Whatever unique term is adopted, conceptual clarity usefully allows us to highlight the unique ethical questions surrounding the treatment of this entity. How the subject of AAPT is categorised matters, as the law currently constructs a clear binary at the beginning of life in many jurisdictions: eg, a “fetus” has limited legal rights and a “newborn baby” has all the same rights and protections as an adult person.62 Notably, commentators who have defended the gestateling as a unique entity have not specified what the moral significance of the entity might be, with some explicitly noting that there are more important prevailing ethical considerations, eg, the pregnant person who has a clear moral worth.1,60,61 That said, there is an acknowledgement that the uniqueness of the gestateling might mean that there is scope for a conversation about what kinds of rights and entitlements it might have, eg, it is intuitive to assume it might have more protection than a fetus since this would not impact on the bodily autonomy of a pregnant person (once it is in the artificial placenta), but also that it should have less protection than a completely born baby since it is not similarly socially situated.13 In some jurisdictions it is arguable that the ectogestative subject does not meet the threshold for the legal protections of a newborn baby as the law is currently constructed, though this is a disputed conclusion.23,64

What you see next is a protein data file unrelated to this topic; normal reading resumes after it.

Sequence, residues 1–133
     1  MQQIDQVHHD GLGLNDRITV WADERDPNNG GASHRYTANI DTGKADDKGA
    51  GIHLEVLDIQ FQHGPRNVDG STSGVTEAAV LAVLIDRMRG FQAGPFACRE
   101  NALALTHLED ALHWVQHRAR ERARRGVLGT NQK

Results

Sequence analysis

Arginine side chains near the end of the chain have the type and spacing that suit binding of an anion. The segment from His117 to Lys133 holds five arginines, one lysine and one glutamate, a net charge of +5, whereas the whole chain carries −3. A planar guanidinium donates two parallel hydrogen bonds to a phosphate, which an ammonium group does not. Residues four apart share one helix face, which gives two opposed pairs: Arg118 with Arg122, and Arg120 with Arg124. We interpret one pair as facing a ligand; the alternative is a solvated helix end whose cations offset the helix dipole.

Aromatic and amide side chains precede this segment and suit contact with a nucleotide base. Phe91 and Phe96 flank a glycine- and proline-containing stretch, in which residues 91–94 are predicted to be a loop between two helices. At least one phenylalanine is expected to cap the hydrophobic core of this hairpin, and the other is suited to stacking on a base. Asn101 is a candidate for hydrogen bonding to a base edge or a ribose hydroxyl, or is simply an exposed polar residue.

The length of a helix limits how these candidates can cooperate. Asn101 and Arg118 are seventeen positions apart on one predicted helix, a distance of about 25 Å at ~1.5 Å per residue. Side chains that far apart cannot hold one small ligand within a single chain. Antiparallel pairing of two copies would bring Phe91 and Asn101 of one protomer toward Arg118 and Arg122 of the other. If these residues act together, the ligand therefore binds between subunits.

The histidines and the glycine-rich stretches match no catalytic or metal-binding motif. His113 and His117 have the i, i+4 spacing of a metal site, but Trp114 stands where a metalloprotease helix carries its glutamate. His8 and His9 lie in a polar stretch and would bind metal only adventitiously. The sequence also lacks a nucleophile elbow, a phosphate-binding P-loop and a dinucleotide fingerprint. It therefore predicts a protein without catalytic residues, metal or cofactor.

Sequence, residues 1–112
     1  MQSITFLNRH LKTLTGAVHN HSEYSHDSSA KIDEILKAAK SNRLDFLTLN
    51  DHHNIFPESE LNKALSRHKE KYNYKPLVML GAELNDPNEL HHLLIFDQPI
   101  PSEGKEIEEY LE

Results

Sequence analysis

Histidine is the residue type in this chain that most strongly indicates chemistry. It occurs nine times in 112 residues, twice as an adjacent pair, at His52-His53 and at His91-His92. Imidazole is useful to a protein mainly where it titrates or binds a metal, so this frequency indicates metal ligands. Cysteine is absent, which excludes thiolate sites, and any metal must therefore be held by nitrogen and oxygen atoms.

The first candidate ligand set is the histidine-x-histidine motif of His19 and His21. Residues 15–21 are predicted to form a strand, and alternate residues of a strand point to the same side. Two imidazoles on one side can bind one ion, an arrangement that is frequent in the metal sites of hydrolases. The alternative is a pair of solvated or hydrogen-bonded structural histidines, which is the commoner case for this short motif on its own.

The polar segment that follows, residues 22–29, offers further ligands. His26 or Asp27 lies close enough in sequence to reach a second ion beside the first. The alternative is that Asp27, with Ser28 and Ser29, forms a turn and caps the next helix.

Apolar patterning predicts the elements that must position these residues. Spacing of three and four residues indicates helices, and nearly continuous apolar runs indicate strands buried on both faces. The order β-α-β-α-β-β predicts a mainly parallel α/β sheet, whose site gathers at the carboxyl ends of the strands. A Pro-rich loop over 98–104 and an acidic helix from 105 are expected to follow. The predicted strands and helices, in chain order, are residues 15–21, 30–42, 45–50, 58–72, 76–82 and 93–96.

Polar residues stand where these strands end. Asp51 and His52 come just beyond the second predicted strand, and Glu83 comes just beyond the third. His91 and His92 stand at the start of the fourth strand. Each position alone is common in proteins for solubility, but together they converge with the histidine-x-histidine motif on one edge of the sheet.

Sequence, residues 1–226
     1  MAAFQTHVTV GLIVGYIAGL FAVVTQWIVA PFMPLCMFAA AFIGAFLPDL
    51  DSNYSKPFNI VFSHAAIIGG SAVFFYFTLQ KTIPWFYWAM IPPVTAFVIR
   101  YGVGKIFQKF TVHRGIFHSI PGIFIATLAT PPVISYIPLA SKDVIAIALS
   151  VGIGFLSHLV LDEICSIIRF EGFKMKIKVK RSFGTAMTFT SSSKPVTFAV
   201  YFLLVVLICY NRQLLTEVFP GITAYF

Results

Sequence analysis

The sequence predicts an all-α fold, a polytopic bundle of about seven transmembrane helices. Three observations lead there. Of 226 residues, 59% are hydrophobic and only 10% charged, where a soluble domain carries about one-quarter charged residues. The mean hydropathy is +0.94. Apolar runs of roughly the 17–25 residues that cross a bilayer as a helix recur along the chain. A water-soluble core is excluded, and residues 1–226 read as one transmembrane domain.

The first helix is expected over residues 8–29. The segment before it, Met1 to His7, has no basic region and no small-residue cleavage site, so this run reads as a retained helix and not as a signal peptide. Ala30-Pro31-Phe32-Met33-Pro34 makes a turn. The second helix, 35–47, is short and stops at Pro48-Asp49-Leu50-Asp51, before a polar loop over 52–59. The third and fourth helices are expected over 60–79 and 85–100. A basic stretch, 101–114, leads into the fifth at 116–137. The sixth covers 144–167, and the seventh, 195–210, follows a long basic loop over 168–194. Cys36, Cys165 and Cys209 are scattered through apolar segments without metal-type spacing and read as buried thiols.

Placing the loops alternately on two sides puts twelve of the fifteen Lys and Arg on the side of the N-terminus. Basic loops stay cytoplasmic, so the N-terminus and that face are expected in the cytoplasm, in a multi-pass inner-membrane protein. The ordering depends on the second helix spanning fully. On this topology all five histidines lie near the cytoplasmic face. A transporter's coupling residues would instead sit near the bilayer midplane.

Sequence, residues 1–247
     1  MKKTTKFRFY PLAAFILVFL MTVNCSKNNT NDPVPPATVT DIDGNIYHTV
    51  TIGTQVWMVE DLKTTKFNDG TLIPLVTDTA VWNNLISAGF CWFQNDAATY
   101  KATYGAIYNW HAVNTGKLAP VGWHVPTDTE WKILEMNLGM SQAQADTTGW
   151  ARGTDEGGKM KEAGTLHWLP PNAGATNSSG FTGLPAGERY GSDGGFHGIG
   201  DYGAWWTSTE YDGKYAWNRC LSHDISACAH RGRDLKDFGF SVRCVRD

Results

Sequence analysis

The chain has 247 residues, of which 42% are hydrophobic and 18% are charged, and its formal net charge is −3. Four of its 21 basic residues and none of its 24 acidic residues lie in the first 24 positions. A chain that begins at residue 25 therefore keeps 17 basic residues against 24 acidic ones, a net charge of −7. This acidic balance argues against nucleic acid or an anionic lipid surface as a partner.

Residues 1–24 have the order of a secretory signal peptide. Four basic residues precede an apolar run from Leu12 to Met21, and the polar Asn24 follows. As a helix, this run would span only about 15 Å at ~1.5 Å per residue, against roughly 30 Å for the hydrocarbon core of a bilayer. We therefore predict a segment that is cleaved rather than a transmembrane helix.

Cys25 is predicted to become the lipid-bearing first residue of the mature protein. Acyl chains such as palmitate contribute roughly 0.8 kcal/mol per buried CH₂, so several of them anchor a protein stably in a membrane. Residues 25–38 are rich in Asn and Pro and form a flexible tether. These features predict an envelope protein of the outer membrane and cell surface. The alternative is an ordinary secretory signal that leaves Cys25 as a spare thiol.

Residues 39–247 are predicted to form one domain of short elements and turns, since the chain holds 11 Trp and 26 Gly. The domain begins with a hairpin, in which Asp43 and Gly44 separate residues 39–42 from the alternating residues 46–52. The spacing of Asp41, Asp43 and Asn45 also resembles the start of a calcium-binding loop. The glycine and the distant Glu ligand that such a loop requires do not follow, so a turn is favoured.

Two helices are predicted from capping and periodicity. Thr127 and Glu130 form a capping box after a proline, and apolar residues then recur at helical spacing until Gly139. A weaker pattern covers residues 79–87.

Most academic discussion about how to treat the subject of AAPT tends to focus on the ways in which it might be different from a fetus, eg, some have argued there may be limited justification for aborting it, or if it can this should be a decision for both genetic progenitors together.66–68 Rodger et al argue that “gestaticide” (the killing of a gestateling) is morally equivalent to infanticide, largely because they consider that the assumed gestateling is born in a “straightforward sense” (thus implying that terminating it is as morally serious as infanticide).66 Amongst those scholars that take the gestateling to be conceptually distinct, there has not yet been a developed discussion about how there might be circumstances in which it might be justifiable or appropriate to treat this entity differently from a newborn, but these circumstances are imaginable. In many jurisdictions, it is unlawful to actively end the life of a newborn even if it is suffering (the Groningen Protocol in the Netherlands is an exception that posits that in certain situations and subject to strict criteria active ending of life on infants might be appropriate)69 but one could imagine that if an entity were gestating outside of the body and there was evidence that it would not be able to make the transition to neonatal physiology without only suffering, then there might be justification to “turn off” AAPT prior to transition to prevent that suffering. The ending of the gestateling’s life in this instance might not be construed as “killing” but rather “letting it die” since the process of creation is being terminated, rather than the life functions of an entity post-creation being interfered with. While many commentators describe the distinction between killing and letting die to be morally immaterial, this distinction is taken to be relevant in healthcare practice (it has become a key feature of legal decisions about end-of-life treatment in some jurisdictions, for instance, in England and Wales per Airedale National Health Service Trust v Bland [1993] AC 789).70 We anticipate that more academic discussion on such, and other similar, circumstances is necessary and insist that such conversation should be appropriately attentive to disability rights. The matter of the legal status of an entity gestating ex utero needs resolution for practical reasons such as who makes a determination about treatment and what kind of liability might accrue and by whom where treatment goes wrong.13,50,62,71 It is clear that further interrogation of these issues is necessary.